A commonly carried allele of the obesity-related FTO gene is associated with reduced brain volume in the healthy elderly

April J. Ho, Jason L. Stein, Xue Hua, Suh Lee, Derrek P. Hibar, Alex D. Leow, Ivo D. Dinov, Arthur W. Toga, Andrew J. Saykin, Li Shen, Tatiana Foroud, Nathan Pankratz, Matthew J. Huentelman, David W. Craig, Jill D. Gerber, April N. Allen, Jason J. Corneveaux, Dietrich A. Stephan, Charles S. DeCarli, Bryan M. DeChairoSteven G. Potkin, Clifford R. Jack, Michael W. Weiner, Cyrus A. Raji, Oscar L. Lopez, James T. Becker, Owen T. Carmichael, Paul M. Thompson

Research output: Contribution to journalArticlepeer-review

185 Scopus citations


A recently identified variant within the fat mass and obesity-associated (FTO) gene is carried by 46% of Western Europeans and is associated with an ∼1.2 kg higher weight, on average, in adults and an ∼1 cm greater waist circumference. With >1 billion overweight and 300 million obese persons worldwide, it is crucial to understand the implications of carrying this very common allele for the health of our aging population. FTO is highly expressed in the brain and elevated body mass index (BMI) is associated with brain atrophy, but it is unknown how the obesity-associated risk allele affects human brain structure.We therefore generated 3D maps of regional brain volume differences in 206 healthy elderly subjects scanned with MRI and genotyped as part of the Alzheimer's Disease Neuroimaging Initiative. We found a pattern of systematic brain volume deficits in carriers of the obesity-associated risk allele versus noncarriers. Relative to structure volumes in the mean template, FTO risk allele carriers versus noncarriers had an average brain volume difference of ∼8% in the frontal lobes and 12% in the occipital lobes - these regions also showed significant volume deficits in subjects with higher BMI. These brain differences were not attributable to differences in cholesterol levels, hypertension, or the volume of white matter hyperintensities; which were not detectably higher in FTO risk allele carriers versus noncarriers. These brain maps reveal that a commonly carried susceptibility allele for obesity is associated with structural brain atrophy, with implications for the health of the elderly.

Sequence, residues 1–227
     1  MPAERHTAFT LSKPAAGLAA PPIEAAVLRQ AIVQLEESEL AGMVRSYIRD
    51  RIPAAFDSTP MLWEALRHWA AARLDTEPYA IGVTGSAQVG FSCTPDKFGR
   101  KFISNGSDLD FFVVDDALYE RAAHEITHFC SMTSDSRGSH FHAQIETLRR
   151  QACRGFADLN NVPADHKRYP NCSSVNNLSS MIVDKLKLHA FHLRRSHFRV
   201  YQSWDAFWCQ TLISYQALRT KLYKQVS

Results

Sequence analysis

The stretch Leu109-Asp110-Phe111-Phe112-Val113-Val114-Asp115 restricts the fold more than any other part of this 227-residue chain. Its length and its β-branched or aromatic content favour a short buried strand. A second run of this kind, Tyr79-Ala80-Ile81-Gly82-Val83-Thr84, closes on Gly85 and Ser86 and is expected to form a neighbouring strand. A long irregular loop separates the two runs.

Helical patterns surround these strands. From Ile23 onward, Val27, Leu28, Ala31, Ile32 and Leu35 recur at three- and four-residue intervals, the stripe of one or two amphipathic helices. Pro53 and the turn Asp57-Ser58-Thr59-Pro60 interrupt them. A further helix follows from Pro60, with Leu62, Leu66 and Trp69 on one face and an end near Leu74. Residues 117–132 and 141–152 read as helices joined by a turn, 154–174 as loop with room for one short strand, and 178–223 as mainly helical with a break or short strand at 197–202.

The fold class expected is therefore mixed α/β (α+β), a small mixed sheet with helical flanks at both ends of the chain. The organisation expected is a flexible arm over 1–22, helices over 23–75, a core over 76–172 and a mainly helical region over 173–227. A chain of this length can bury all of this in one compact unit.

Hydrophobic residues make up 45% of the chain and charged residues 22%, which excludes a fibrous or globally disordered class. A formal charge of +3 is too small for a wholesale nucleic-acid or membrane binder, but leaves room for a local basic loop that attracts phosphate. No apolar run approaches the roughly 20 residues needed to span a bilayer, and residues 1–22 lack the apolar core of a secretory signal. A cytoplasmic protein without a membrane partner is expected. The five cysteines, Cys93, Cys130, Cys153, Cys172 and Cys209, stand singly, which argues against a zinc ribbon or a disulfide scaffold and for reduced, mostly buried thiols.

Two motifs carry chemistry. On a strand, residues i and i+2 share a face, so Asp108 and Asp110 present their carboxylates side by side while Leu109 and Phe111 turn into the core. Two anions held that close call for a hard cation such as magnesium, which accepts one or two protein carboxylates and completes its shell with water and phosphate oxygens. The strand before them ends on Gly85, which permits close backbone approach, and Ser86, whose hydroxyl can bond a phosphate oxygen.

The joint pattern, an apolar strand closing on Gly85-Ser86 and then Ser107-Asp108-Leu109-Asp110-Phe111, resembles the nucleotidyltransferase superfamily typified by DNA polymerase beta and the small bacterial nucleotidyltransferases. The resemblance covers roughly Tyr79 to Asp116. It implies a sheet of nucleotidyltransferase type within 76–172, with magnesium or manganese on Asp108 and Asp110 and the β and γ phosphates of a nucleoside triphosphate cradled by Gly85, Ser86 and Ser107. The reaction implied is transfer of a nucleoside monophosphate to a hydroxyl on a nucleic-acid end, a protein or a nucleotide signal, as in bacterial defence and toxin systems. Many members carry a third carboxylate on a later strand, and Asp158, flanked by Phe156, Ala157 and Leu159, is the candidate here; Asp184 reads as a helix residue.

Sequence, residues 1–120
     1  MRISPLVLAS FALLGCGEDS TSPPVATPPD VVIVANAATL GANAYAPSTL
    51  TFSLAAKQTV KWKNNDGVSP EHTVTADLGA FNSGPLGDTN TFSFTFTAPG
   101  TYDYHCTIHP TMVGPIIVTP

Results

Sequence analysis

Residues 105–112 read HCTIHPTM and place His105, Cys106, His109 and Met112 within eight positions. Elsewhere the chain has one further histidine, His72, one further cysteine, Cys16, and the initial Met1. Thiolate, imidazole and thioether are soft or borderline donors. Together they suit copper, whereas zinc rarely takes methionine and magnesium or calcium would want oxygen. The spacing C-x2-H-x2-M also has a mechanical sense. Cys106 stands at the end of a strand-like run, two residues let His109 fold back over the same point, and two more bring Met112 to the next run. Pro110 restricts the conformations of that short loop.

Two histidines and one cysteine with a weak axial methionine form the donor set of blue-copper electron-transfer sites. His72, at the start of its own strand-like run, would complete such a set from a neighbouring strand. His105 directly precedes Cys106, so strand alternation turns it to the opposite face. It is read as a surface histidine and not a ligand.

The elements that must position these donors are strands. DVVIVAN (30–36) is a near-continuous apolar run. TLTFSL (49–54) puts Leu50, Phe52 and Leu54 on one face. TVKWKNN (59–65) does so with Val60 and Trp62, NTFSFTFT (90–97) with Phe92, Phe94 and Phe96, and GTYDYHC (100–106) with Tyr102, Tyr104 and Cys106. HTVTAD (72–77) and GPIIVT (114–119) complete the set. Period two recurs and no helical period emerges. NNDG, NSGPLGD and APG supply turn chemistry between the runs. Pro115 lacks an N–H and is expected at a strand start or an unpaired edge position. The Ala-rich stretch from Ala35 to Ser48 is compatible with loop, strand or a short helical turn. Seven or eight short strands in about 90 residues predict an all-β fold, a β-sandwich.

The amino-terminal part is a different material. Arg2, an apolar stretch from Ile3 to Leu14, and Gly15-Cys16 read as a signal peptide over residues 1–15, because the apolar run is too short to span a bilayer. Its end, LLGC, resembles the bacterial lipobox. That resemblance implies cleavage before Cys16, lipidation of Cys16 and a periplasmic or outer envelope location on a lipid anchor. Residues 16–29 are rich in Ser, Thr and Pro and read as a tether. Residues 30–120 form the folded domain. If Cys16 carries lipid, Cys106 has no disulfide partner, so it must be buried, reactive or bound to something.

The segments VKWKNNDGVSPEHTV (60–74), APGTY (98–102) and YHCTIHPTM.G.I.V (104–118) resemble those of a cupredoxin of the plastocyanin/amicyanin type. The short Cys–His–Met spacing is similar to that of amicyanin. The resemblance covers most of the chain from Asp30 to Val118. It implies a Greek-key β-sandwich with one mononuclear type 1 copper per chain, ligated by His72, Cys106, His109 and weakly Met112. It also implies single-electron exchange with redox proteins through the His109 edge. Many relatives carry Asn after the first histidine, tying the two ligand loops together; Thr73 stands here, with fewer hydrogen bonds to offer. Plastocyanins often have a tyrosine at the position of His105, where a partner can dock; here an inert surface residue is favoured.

Original languageEnglish (US)
Pages (from-to)8404-8409
Number of pages6
JournalProceedings of the National Academy of Sciences of the United States of America
Issue number18
StatePublished - May 4 2010


  • Alzheimer's disease neuroimaging initiative
  • Body mass index
  • Brain structure
  • Obesity
  • Tensor-based morphometry

ASJC Scopus subject areas

  • General


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